Controversial and unneighbourly, or exceptional coverage providing important privacy-- what's your view?
We attempt not to get too involved in the arguments for and against these fast growers, but have actually discovered ourselves felling and tough pruning a growing number of Cupressus ranges this year than we seem to have actually have done in previous years.
Leylandii grow to as much as 20m in height with a 5m spread at maturity, and have actually been the cause of thousands of neighbour issues. Because of their growth rate, they are best pruned regularly in a yearly cycle, which helps to avoid them ending up being tree "towers" that obstruct light, and cause a claustrophobic hazard in areas. High hedges legislation (info from your local council website) can be helpful with unsettled disputes.
A year's growth on a Cupressus tree might be as much as 15 cm or 6 inches. This can be removed with no damage to the tree, but beware! Cutting beyond the green face into the older wood is high-risk as the tree will not regenerate and this is what results in bald spots on your hedges and trees.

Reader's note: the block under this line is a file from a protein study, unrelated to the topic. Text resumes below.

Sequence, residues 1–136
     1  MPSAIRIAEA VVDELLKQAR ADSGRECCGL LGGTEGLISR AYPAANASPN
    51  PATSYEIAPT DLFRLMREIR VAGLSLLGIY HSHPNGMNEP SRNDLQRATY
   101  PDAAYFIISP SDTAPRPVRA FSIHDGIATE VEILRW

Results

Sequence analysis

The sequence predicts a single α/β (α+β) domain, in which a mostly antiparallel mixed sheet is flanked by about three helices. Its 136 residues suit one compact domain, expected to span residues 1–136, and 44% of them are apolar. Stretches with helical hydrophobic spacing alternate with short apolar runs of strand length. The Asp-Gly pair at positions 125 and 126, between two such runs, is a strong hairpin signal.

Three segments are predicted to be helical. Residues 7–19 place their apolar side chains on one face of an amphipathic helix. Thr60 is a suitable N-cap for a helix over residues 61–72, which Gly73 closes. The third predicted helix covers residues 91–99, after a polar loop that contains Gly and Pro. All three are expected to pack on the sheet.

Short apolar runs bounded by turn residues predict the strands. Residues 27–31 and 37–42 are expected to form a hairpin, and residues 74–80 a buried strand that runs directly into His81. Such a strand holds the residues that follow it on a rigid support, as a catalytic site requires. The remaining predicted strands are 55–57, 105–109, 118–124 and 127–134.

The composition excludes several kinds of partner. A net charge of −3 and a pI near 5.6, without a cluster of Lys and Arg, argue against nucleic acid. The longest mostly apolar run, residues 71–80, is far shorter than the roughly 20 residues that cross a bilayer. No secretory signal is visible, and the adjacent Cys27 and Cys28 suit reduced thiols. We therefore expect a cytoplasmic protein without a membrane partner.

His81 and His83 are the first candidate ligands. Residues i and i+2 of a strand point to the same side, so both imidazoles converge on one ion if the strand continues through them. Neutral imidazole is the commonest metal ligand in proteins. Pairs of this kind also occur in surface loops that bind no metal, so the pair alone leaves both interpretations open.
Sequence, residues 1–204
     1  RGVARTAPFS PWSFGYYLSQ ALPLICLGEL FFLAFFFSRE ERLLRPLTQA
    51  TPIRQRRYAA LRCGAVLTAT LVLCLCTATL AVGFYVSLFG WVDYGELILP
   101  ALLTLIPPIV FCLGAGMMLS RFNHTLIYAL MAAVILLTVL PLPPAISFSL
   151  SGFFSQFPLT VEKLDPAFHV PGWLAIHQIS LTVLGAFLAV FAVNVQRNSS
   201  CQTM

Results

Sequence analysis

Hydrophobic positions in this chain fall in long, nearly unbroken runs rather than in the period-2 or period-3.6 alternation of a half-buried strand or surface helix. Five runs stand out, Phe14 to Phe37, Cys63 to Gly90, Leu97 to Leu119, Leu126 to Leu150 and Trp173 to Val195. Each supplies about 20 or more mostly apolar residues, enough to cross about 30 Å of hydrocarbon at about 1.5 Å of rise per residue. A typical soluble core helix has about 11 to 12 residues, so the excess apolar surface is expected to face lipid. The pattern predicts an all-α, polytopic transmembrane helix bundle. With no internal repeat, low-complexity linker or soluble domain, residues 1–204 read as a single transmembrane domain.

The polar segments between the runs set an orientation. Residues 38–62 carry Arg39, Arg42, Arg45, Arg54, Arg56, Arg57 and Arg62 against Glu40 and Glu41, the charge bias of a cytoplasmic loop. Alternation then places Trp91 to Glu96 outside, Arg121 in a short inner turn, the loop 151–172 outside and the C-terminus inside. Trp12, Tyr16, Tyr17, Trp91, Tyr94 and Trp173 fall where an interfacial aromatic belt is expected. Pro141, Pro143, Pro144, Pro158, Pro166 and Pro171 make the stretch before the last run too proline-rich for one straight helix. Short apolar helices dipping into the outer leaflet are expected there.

Once dropped, Cupressus varieties do not grow back, and so it's possible to live with stumps (as long as they're not a tripping danger) and not be concerned about having to grind them out.
If your Cupressus is left unpruned, a more radical management strategies is typically needed. Regretfully, single trees do not always look extremely natural when they are lowered in height, but this is frequently the only way to effect some control if the client likes not to fell. A decreased Cupressus hedge can be thing of sculptural accuracy when completed carefully; these are the mainstay of boundaries and surburban gardens up and down the land.